Foreword by Paul Vixie

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    Virtualization is cool. I’ve always had a soft spot for virtualization, since as a
lifelong sysadmin I get pretty tired of the endless fine-tuning that goes into
building a successful network “host.” Especially when that fine-tuning evolves
into upgrades involving screwdrivers, recabling, and dust.

    While Xen wasn’t the first serious virtualization platform, it was the first
serious open source virtualization platform, so it was the first that I was willing
to invest my time in learning about, and the first I’d consider basing any
production-level systems on. Open source isn’t just a preference for me—I
dislike lock-in, so I hardly ever buy or deploy or depend on something that I
couldn’t replace with a different product offered by a competing vendor
sometime in the future.

    Like any serious open source system, Xen has the power of an ecosystem
in which anybody who wants to vend can pick a spot and start hacking, but
Xen also has the backing of a strong company whose employees contribute
to the open source version of their product. This kind of vertical openness
makes it possible for anyone (a hobbyist or a Fortune 500 company) to jump
into Xen, buy only what they want or need (or just get it all for free), and
have it remain compatible with the rest of the ecosystem. Thank you,
XenSource and Citrix, for all this.

    Confession time: I don’t use Xen for any of my personal projects. I just
don’t have enough systems in any one location, nor can I plan far enough in
advance—I’m too small to be able to afford virtualization’s efficiencies.

    Whenever I do need separation of privilege on the same physical servers,
I’ve been able to get away with FreeBSD jails or User Mode Linux. I also do
a fair amount of real-time work, in which I need my code to be close to the
hardware for design—and sometimes performance—reasons.

    For professional work, my company uses a mixture of proprietary
(VMware) and open source (Xen) virtualization and the results are outstanding.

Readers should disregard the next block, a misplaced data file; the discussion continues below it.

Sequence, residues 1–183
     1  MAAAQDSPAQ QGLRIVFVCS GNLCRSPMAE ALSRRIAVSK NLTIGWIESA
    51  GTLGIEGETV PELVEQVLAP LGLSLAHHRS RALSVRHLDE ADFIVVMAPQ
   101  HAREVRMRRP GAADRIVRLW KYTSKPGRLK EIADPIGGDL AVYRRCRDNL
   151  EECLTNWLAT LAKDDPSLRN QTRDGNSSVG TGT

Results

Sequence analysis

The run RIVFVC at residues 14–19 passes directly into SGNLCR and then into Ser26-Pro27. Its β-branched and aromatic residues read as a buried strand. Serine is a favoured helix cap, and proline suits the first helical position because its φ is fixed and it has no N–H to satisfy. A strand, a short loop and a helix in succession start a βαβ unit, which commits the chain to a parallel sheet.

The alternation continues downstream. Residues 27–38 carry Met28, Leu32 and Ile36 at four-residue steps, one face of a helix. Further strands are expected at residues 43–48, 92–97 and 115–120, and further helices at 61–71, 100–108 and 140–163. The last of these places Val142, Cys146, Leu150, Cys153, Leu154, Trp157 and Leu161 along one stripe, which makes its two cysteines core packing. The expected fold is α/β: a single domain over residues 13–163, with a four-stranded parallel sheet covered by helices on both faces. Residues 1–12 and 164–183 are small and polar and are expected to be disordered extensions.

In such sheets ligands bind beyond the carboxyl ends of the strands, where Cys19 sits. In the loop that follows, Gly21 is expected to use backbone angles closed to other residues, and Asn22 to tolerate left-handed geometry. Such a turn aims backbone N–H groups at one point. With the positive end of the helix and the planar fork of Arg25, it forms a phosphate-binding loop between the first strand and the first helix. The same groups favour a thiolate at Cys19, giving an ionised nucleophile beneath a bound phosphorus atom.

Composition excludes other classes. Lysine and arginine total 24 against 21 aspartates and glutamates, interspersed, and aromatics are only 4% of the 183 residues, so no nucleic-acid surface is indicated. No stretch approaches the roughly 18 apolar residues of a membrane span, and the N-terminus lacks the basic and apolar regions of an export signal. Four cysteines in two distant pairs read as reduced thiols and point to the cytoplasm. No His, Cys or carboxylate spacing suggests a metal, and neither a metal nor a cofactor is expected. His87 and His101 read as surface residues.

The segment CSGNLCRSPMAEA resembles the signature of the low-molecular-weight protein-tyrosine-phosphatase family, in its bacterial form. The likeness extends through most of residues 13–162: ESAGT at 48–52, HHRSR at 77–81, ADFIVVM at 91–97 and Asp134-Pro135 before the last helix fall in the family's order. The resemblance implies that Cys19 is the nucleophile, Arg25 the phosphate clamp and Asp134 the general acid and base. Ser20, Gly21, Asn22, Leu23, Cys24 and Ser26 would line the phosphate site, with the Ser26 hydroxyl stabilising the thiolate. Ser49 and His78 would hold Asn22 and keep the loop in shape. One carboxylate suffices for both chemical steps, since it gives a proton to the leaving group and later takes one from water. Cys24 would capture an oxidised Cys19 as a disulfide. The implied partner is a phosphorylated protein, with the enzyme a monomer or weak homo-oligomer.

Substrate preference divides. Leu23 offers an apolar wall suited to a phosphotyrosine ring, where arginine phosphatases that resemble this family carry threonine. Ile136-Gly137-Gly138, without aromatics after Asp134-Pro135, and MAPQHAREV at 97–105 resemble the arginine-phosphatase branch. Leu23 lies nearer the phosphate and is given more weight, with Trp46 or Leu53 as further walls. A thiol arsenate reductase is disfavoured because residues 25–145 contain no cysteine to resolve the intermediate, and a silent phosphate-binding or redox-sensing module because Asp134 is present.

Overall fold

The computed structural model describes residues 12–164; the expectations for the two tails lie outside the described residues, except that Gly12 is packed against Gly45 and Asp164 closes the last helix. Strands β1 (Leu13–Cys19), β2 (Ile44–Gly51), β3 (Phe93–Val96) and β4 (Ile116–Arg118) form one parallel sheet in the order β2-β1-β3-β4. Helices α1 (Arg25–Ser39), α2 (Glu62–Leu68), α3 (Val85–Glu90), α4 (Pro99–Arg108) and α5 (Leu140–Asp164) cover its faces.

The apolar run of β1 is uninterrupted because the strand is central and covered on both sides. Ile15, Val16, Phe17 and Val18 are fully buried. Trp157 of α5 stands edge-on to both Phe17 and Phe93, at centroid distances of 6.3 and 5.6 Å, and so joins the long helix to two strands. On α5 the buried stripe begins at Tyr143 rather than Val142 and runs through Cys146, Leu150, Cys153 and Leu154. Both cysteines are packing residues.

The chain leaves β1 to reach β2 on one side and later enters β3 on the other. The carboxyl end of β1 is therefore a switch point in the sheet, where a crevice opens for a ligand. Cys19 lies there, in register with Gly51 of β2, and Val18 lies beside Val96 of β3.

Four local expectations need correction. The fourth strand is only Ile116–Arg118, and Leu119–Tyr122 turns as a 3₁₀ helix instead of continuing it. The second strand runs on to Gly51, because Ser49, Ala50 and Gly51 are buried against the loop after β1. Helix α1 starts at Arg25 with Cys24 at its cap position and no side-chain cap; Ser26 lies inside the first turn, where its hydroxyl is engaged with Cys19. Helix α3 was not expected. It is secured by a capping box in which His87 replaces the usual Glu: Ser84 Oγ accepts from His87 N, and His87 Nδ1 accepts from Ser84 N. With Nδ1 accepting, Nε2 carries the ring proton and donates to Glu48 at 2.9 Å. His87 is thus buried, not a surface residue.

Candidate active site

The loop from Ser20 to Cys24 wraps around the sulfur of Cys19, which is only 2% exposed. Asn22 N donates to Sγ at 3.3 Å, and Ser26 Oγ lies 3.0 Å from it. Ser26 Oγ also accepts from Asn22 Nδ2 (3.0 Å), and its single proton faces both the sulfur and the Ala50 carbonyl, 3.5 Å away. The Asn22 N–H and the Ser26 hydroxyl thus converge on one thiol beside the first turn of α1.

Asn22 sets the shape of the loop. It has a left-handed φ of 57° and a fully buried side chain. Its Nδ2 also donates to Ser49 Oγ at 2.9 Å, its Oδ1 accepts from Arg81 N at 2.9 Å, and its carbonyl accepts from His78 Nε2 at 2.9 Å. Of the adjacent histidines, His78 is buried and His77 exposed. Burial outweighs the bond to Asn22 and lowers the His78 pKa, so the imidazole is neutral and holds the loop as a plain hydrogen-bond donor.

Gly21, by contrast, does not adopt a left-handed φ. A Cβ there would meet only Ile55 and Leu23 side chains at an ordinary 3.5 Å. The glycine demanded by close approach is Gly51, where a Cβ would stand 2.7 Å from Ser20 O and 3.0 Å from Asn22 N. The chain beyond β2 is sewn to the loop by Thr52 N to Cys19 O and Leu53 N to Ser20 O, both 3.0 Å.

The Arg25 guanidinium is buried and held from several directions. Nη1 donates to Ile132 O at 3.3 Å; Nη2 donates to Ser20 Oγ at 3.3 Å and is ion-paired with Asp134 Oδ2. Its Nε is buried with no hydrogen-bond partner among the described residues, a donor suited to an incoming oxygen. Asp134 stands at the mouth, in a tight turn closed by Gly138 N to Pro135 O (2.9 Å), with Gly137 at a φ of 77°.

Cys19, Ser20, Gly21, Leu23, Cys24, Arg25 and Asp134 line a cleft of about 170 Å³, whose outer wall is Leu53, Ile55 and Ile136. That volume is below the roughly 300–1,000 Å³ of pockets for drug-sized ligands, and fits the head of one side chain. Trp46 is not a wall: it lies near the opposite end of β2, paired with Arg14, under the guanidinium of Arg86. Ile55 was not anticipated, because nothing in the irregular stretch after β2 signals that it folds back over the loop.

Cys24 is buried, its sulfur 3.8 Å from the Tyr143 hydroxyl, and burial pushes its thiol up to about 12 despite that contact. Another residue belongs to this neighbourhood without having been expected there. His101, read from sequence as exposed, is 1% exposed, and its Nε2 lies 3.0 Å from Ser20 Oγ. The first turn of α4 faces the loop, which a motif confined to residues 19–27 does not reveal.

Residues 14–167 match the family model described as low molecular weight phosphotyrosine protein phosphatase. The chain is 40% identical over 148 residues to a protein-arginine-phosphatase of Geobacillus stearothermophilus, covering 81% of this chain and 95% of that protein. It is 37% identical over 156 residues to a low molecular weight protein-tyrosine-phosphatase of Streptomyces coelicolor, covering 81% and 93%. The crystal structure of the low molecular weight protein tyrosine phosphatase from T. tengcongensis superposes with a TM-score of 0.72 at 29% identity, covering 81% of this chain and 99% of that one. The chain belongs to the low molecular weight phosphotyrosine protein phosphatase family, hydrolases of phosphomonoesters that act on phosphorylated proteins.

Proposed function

Whether it’s to save money on hardware, save money on sysadmin
time, or enable new kinds of computing, virtualization is a winner and it’s
here to stay. I’ve seen Amazon and Google build gigantic clouds of virtualized
servers for their own use and for rental to customers, and this method has
driven down IT costs for both new and established companies of all sizes. It
probably saves power and lowers the industry’s carbon footprint as well.

    I’m struggling to find a way to communicate how amazingly cool this is.
We try to write programs that fit into a single process, but they end up taking
a whole Unix system because of all the processes and databases and shell
scripts and file systems and UIDs they slop over. So we end up dedicating
physical servers to applications that have no performance- or security-related
reason to be on dedicated servers; but each one takes up some rack space
and some sysadmin time, and each one generates some minimum amount of
heat, and so on. Then along comes virtualization, and we’re back to adding
physical servers only when we’ve got a good reason to do so, which usually
means for capacity reasons.

    Note that while I admire cloud computing, I also fear it. Amazon and
Google have their own virtualization APIs, and anyone who builds “version 1”
of a system to live inside one of these commercial clouds is probably signing
up to put “version 2” into the same cloud. Competition requires differentiation
and most vendors want to be different in capability, not just in cost
efficiency. In other words, lock-in is great for sellers but not so great for
buyers. Thus my attraction to enterprise virtualization—and specifically to
open source enterprise virtualization, with the resulting vertically open
ecosystem. I’ll build my own clouds whenever I need them—and with Xen,
so can you.

    A word about Luke. He was a kid who lived down the street from my
sister, and she asked me to give him a chance. So I hired him at an anti-spam
company called MAPS (yes, that’s spam spelled backwards, pretty neat,
huh?), and he turned out to be a dumbass kid, like we all were at that age.
In the time since then, he has distinguished himself as a virtualizer and now,
with this book, as a writer. Xen is cool stuff, but it’s also deep and wide and
dense—that is to say, it’s a hard topic. Luke and Chris have unscrambled Xen
into the linear form of a printed book in about the best way I can imagine
anybody doing it, and I learned quite a bit about Xen from reading my
advance copy. The book is also fun to read without the fun being distracting
or dilutive.

Go forth and virtualize!


Paul Vixie
La Honda, California
September 2009